:smalltongue: That sounds... fun. I'll have to give it a read sometime.

The_Snark
2013-08-27, 05:25 AM
I'll second Digger, 1/0, Rice Boy, 8-bit Theater, A Miracle of Science, and DM of the Rings, and throw in a mention of Narbonic (http://www.narbonic.com/), a comedy about mad scientists and their interns/minions/experimental subjects.

Gez
2013-08-27, 05:41 AM
Buck Godot and MythAdventures (http://www.airshipentertainment.com/info/comics.php4) (Girl Genius is still ongoing, What's New is not really interesting)

I rather liked Mixed Myth (http://mixedmyth.comicgenesis.com/d/20010908.html) all those years ago.

I think all others I'd recommend either are still ongoing, have already been linked to, or have entirely disappeared off the Internet.

Wraith
2013-08-27, 06:04 AM
Starslip (http://starslip.chainsawsuit.com/) was one of the first webcomics that I ever read that 'ended'. Good, solid, sci-fi wackiness that kinda fizzled out towards the end, but was otherwise entertaining.

And of course, the irrepressible Dominic Deegan: Oracle for Hire (http://www.dominic-deegan.com/).
If you have any interest at all in writing, drawing or otherwise seeing what a one-strip per day webcomic from start to finish, over the course of a decade, ought NOT to do.... Read DD: OfH.

Fion MacCumhail
2013-08-27, 06:51 AM
What's New is not really interesting

beg to differ.

Gez
2013-08-27, 12:44 PM
If you used to read them back in the days in the magazine, then yeah, for nostalgia's sake. On the other hand, if you didn't...

Mr.Silver
2013-08-27, 01:19 PM
Demonology 101 (http://faith.rydia.net/) was pretty much the big 'finished' webcomic back in the day*. Teen-ish, but not too bad.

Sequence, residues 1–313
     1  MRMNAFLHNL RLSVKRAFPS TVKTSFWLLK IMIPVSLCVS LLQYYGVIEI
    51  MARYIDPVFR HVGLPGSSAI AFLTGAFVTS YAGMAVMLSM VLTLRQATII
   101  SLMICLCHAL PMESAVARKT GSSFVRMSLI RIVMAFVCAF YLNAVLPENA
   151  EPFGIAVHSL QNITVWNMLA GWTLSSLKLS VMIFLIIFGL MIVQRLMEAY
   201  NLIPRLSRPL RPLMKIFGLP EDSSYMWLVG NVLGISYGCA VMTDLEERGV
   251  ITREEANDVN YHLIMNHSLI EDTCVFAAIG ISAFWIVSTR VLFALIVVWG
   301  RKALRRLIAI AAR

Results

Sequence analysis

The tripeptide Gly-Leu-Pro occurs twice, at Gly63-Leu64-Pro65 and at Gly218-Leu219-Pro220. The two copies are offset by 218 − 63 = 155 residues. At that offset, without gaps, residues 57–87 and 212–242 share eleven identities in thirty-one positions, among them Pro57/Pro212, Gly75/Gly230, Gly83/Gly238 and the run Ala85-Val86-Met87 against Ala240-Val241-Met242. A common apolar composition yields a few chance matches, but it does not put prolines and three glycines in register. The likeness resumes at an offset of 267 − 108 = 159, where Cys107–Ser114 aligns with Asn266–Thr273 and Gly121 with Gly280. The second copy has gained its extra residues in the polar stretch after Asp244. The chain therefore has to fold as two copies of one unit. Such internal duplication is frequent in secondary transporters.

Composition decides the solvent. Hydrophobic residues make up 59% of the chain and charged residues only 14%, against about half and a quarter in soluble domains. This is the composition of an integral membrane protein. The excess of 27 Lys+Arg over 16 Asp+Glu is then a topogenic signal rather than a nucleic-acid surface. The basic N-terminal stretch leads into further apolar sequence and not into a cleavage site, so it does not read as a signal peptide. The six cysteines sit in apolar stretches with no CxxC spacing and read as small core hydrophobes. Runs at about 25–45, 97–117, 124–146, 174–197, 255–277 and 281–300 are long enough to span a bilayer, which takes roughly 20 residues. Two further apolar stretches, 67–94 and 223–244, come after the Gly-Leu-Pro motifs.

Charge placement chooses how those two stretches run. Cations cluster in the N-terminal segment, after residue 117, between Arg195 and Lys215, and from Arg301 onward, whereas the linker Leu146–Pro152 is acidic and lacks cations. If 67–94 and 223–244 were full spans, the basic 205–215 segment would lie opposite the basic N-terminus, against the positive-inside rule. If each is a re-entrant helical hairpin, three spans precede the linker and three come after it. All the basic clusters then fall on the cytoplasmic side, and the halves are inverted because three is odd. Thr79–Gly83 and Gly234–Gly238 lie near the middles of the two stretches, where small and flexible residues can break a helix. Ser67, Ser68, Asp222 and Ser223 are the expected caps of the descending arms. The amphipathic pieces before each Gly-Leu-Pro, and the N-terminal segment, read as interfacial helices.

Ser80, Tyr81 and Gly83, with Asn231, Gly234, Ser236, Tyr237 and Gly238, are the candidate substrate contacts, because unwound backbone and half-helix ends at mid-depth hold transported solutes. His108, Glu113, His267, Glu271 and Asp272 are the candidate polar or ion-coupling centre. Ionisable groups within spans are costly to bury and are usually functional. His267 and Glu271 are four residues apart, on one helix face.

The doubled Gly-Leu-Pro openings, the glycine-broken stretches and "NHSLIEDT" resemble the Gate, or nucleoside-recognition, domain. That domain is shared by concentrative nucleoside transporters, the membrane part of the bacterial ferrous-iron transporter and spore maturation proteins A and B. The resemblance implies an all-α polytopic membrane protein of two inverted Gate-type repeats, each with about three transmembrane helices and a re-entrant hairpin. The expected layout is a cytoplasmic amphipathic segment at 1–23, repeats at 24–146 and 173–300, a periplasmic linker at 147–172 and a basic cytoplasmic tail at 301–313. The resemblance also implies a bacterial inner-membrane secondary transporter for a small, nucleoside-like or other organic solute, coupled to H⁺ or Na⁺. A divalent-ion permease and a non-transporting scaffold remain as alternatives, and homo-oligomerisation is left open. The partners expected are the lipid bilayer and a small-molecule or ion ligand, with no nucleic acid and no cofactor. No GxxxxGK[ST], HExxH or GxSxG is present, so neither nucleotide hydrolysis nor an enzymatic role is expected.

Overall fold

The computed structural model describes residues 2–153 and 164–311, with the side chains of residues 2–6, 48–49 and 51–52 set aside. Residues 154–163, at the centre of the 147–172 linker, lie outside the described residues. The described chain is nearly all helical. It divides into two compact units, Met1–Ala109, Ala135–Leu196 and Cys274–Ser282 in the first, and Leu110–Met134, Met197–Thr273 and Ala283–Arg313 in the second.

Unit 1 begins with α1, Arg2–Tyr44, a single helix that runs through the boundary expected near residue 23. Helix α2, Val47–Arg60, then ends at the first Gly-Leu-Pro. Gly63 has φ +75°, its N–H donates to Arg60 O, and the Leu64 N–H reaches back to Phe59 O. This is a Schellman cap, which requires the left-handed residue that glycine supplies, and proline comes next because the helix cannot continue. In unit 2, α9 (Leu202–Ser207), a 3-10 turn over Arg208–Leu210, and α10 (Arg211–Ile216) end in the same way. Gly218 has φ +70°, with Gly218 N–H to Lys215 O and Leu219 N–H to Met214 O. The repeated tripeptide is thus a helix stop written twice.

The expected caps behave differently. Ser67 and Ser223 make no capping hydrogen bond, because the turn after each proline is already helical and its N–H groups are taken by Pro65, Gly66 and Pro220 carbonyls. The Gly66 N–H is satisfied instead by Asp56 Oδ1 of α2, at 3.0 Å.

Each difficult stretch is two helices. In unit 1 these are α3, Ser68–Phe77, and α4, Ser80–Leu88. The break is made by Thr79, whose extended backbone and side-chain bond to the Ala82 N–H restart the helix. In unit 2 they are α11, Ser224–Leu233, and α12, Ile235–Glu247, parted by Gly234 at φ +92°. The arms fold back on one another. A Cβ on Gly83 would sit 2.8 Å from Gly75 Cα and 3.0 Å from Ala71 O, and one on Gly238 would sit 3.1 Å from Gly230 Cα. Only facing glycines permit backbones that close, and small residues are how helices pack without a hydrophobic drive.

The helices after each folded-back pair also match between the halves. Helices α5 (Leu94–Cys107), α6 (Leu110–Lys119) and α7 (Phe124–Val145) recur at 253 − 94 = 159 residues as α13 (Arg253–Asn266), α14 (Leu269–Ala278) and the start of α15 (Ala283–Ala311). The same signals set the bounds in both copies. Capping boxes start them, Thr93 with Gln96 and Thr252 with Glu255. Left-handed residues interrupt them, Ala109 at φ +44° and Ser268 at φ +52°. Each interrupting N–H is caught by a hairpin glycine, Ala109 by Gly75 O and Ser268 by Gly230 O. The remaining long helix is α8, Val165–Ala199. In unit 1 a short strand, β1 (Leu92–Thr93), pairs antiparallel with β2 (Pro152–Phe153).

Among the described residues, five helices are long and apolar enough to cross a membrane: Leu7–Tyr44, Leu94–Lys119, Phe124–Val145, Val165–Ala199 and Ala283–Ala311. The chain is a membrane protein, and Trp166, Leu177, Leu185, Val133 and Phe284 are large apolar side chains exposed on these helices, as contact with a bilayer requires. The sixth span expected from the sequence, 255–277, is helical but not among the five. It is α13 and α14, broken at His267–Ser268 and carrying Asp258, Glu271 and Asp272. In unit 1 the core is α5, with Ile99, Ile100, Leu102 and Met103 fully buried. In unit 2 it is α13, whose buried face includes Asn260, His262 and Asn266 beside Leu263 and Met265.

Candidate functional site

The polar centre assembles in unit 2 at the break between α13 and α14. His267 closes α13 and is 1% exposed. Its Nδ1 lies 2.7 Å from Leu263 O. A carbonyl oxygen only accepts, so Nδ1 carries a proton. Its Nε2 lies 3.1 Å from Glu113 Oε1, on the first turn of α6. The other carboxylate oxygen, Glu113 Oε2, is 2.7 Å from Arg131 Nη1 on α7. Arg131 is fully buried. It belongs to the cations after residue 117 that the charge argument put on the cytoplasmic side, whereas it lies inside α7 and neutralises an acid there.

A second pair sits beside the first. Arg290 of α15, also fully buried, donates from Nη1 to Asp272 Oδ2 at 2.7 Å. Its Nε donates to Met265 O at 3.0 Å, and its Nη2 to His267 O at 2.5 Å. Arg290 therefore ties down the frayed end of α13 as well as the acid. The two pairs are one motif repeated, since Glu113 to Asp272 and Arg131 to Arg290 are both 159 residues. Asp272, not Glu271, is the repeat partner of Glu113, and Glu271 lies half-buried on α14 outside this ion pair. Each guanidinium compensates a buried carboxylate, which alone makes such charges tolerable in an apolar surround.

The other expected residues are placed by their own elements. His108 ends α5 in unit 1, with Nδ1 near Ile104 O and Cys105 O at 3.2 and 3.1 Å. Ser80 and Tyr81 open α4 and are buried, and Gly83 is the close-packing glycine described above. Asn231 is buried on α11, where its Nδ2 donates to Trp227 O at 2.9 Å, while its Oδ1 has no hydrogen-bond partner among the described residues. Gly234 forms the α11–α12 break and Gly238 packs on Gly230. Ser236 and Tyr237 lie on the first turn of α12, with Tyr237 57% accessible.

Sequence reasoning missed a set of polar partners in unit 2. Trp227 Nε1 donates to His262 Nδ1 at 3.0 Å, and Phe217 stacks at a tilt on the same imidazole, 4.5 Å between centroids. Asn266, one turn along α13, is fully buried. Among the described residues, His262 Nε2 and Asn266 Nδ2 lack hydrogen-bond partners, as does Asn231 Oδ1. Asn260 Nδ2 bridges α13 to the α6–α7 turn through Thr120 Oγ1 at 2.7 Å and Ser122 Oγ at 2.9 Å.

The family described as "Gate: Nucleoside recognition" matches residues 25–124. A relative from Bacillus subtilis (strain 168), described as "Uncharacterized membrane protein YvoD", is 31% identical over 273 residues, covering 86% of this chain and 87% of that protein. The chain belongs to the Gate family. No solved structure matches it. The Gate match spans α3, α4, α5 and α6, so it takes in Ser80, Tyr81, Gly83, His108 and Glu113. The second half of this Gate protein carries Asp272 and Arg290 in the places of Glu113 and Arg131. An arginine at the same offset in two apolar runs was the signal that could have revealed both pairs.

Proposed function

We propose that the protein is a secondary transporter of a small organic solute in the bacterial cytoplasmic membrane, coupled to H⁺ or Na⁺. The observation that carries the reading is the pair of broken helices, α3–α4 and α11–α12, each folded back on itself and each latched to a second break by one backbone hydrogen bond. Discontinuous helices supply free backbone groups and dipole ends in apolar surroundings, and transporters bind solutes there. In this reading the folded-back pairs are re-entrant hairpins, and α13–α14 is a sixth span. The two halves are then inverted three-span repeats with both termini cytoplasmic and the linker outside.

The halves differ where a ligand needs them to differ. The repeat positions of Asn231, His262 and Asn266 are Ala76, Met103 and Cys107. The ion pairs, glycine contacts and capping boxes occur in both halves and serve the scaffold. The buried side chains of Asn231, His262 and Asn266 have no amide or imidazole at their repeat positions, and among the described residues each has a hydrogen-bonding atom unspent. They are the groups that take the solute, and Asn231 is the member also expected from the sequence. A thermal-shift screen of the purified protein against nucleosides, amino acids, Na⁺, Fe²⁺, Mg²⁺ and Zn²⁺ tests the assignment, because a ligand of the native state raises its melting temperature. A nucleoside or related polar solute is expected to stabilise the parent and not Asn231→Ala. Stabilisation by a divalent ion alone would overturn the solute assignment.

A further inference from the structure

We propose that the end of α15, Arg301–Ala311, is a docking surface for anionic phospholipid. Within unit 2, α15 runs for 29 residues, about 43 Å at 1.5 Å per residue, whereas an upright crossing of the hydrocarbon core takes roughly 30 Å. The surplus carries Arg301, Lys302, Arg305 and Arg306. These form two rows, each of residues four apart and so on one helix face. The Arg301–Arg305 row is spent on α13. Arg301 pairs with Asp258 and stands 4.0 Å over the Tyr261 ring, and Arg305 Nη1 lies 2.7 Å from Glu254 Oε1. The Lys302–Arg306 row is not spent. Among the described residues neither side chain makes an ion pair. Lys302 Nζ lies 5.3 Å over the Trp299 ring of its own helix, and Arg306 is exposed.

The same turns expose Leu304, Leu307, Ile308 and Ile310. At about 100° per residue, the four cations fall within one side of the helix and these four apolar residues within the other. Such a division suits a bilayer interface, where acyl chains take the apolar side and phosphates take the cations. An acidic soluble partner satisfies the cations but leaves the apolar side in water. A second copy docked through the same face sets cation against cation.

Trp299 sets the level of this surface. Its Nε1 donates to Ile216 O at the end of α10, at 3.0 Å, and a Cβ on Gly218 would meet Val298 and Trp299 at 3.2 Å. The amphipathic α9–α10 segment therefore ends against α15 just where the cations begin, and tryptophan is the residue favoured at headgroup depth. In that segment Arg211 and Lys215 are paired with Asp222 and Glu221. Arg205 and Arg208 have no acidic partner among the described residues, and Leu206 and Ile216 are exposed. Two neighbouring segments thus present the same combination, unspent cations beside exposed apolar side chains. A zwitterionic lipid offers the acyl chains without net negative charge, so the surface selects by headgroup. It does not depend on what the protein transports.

I'm trying to remember some others that haven't been mentioned already, but most of the ones I remember didn't so much 'end' as 'die, and then generally vanish from the face of the internet'.


Also second 8-bit, Riceboy, Miracle of Science, Inverloch, DM of the Rings and Freakangels. Actually, I don't think there's much in the thread you'd be better off avoiding (aside from Dominic Deegan, unless you're some sort of masochist).




*by which I mean 2005. Back when Miko was a new character in OOTS, Dominic Deegan sucked slightly less and xkcd was this small collection of charming graph paper doodles nobody had really heard of.

Radar
2013-08-27, 01:30 PM
If you used to read them back in the days in the magazine, then yeah, for nostalgia's sake. On the other hand, if you didn't...
It is still a portion of light, inconsequential fun. :smallsmile:

TroubleBrewing
2013-08-28, 09:32 AM
I always liked Mac Hall. (http://machall.com/) Not a story-driven, fantasy-themed comic, but it IS a finished webcomic.

Tebryn
2013-08-28, 10:00 AM
I always liked Mac Hall. (http://machall.com/) Not a story-driven, fantasy-themed comic, but it IS a finished webcomic.

I sure do miss Mac Hall...the art was really good. What ever happened to the author?

Fion MacCumhail
2013-08-28, 06:20 PM